TURNING POINT Texas State watched Baylor come back from a 6-3 deficit in Thursday night’s series opener. The Bears scored five runs in the eighth inning to give them an 8-6 lead, and the wheels were starting to fall off for the Bobcats. Granger Studdard, sophomore left fielder, hit a solo home run in the eighth. Derek Scheible, freshman center fielder, hit a solo home run in the ninth to tie the score and bring the Bobcats back into the game. Texas State took the matchup into extra innings, and Studdard came up in the tenth inning and hit his second home run of the game to give the team a 9-8 victory. The team surrounded Studdard at home plate, and the Bobcats had stolen a game from Baylor. The comeback win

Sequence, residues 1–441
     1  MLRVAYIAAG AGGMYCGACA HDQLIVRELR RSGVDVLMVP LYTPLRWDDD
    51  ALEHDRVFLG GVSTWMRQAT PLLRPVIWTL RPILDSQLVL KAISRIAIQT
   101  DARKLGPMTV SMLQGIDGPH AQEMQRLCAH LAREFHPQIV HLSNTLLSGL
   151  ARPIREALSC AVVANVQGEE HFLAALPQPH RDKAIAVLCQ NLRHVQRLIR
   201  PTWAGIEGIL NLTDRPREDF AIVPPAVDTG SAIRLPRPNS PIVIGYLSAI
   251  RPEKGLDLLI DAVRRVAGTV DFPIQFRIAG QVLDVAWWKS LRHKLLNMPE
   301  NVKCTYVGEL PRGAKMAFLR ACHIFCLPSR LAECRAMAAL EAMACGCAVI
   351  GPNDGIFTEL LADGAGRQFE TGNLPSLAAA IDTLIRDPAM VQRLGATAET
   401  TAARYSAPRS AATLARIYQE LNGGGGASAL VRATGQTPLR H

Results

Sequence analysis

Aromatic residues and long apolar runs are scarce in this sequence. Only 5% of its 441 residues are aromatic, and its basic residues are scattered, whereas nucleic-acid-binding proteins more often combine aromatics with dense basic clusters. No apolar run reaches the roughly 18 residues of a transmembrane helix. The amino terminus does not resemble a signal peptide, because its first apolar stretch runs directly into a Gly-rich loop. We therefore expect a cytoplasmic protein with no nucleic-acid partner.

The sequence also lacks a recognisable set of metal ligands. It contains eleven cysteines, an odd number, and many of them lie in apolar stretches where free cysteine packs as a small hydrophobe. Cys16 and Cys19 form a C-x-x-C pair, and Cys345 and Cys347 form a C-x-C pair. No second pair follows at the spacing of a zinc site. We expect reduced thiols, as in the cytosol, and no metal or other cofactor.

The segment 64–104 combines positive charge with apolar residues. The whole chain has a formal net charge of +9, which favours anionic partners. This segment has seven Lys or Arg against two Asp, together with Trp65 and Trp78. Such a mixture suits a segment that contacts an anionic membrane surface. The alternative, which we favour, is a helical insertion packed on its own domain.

Texas State’s starting pitchers had a plan coming into the series, and they executed. The starters combined to pitch 24.2 innings while giving up three earned runs and 14 hits and striking out 18 in the three-game series. The starting pitchers were enough for the two games in Waco. Both starters were able to pitch their entire games. Scott Grist, senior pitcher, pitched on Friday and recorded a complete game shutout. Jeremy Hallonquist, junior pitcher, pitched all of Saturday’s game and shut down Baylor. He allowed one run in his second start this season. Lucas Humpal, junior pitcher, pitched well in 6.2 innings on Thursday night, but the bullpen was not able to contain the 6-3 lead when he was relieved.